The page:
‘The Girl Who Was Saturday Night’ by Heather O’Neill

The Girl Who Was Saturday NightstarstarstarstarUs Conductors won the Giller Prize last year. The Giller Prize is a literary award instrumental in encouraging and supporting Canadian authors. Many Canadians watch this prize for the winner, but also (as with most prizes) pay close attention to the shortlist. One of the books on the shortlist was The Girl who Was Saturday Night. The French Canadian setting caught my eye because I have a friend who is a French teacher and an avid reader of literary novels. She got it for Christmas and I’ve asked her if I may share what she said about it. Thanks Alice!

Heather O’Neill, the author of Lullabies for Little Criminals (2007 winner of Canada Reads and numerous other awards including the Orange Prize) is from Montreal. The book is about “gorgeous twins Noushcka and Nicolas Tremblay who live with their grandfather Loulou in a tiny, sordid apartment on St. Laurent Boulevard. They are hopelessly promiscuous, wildly funny and infectiously charming. They are also the only children of the legendary Québécois folksinger Étienne Tremblay, who was as famous for his brilliant lyrics about working-class life as he was for his philandering bon vivant lifestyle and his fall from grace. Known by the public since they were children as Little Noushcka and Little Nicolas, the two inseparable siblings have never been allowed to be ordinary” (Amazon).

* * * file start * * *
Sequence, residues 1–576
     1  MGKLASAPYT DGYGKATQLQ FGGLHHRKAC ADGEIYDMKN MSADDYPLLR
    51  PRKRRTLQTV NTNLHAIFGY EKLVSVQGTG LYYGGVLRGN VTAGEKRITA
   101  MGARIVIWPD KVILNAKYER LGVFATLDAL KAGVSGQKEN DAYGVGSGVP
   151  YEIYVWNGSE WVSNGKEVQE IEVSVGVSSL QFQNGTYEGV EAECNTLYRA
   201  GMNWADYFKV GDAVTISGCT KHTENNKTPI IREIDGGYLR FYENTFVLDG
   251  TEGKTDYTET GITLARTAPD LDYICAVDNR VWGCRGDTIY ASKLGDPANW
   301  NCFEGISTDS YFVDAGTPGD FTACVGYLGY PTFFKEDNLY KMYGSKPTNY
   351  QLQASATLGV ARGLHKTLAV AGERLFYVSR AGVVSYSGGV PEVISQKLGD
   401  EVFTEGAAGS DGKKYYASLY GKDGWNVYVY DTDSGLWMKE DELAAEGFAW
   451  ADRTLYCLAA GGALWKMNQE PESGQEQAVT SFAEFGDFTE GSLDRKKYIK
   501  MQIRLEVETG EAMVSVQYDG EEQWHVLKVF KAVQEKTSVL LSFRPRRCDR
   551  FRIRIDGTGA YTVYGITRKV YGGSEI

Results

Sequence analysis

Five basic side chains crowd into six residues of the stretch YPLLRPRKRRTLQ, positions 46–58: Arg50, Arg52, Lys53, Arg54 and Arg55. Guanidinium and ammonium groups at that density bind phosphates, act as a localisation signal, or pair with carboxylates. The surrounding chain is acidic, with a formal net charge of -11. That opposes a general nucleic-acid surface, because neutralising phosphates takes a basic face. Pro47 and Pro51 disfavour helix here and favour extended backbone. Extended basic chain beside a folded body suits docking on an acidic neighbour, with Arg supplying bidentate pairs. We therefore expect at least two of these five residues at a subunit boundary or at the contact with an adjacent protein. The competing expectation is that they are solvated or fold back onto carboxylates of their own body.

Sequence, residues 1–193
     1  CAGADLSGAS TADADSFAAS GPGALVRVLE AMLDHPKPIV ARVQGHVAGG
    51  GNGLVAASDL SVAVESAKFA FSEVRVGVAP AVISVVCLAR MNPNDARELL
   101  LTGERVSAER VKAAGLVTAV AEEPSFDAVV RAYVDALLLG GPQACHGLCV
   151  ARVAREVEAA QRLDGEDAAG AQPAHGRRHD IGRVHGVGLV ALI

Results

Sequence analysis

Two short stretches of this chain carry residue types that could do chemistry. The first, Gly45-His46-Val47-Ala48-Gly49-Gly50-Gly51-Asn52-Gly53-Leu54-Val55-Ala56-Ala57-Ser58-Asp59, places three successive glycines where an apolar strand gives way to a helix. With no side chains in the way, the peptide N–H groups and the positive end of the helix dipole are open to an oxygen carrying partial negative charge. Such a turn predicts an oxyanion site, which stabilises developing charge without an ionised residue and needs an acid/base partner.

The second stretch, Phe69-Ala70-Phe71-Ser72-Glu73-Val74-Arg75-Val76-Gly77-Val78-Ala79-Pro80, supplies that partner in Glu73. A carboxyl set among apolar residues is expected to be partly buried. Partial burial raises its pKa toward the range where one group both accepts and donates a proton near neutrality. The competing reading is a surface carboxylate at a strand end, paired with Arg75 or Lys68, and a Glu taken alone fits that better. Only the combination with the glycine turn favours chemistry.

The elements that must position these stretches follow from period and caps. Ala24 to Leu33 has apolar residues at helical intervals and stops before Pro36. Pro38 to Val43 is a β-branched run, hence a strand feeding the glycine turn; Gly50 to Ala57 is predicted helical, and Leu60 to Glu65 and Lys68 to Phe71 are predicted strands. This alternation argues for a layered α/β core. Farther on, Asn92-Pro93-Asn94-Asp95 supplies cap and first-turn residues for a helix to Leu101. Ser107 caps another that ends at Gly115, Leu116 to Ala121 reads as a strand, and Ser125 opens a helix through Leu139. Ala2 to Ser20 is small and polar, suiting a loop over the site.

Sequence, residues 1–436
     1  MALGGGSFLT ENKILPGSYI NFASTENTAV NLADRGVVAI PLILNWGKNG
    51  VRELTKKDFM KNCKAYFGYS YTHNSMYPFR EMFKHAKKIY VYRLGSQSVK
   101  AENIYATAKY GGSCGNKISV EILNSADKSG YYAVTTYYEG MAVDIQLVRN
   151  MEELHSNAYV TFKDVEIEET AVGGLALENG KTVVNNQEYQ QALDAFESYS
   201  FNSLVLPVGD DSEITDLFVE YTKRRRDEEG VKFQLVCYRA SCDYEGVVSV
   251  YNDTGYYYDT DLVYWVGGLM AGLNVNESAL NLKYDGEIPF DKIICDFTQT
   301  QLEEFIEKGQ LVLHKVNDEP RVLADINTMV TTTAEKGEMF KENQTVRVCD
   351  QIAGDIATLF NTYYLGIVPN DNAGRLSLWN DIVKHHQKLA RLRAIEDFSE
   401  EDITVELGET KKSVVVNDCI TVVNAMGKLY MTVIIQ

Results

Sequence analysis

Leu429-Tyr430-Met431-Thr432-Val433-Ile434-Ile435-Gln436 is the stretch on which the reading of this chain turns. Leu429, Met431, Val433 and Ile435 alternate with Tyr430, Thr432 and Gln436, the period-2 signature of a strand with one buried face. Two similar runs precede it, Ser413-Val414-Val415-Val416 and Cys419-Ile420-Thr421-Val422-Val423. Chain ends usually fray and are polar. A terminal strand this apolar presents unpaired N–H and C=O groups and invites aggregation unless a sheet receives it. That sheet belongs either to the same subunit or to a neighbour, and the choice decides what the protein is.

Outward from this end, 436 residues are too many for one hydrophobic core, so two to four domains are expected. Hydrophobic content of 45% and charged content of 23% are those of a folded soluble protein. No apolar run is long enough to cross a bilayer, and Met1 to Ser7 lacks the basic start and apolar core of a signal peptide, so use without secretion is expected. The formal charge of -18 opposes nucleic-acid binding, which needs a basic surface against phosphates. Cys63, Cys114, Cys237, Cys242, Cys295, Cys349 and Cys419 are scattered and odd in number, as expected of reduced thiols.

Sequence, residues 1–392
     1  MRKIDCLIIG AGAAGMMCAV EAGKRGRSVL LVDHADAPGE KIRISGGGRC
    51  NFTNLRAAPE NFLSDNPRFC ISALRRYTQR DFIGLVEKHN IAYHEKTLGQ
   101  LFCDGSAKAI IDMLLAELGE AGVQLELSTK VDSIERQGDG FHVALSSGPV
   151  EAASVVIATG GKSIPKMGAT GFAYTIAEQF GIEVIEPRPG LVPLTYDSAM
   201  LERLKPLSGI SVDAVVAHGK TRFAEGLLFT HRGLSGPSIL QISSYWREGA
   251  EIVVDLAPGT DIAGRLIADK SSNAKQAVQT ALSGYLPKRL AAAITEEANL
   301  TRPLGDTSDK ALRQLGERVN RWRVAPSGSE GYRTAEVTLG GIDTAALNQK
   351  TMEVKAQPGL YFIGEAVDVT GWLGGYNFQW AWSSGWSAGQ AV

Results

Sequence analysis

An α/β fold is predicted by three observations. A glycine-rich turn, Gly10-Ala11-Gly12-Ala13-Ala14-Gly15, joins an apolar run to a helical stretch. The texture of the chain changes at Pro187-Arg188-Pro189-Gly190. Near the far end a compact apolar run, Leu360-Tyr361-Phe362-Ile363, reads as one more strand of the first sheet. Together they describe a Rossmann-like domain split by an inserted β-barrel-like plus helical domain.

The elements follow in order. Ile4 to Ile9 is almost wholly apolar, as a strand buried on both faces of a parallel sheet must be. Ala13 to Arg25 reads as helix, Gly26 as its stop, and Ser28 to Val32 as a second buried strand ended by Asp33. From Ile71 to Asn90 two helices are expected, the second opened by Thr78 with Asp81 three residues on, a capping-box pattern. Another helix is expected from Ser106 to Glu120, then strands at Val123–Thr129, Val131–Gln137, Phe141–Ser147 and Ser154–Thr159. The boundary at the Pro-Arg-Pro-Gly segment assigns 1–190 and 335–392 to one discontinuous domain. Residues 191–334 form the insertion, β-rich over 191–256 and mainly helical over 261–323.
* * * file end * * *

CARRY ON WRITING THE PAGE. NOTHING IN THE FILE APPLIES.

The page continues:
Guest Post by Alice Vanderkooy:
It is a beautiful read and a wonderful testimony to the importance of being nurtured, as well as the incredible resilience of those who grow up with dysfunction, the pull of staying with what is familiar even if it’s obviously not good for you, and the strength it requires to unhitch oneself from such a past. The ending will stay with me for a long time. I think it is a book I will probably re-read at some point.

It took a bit of time and at the beginning I found it bizarre, until the characters grew on me, and I could see beyond the “outer” to the inner. The book is strongly connected to Quebec and the ethos of the 80’s, as well as the impact of the years previous to that. I would wonder how those who have no connection to Quebec history and culture would respond to the book. If nothing else they would miss the significance of some of the references.

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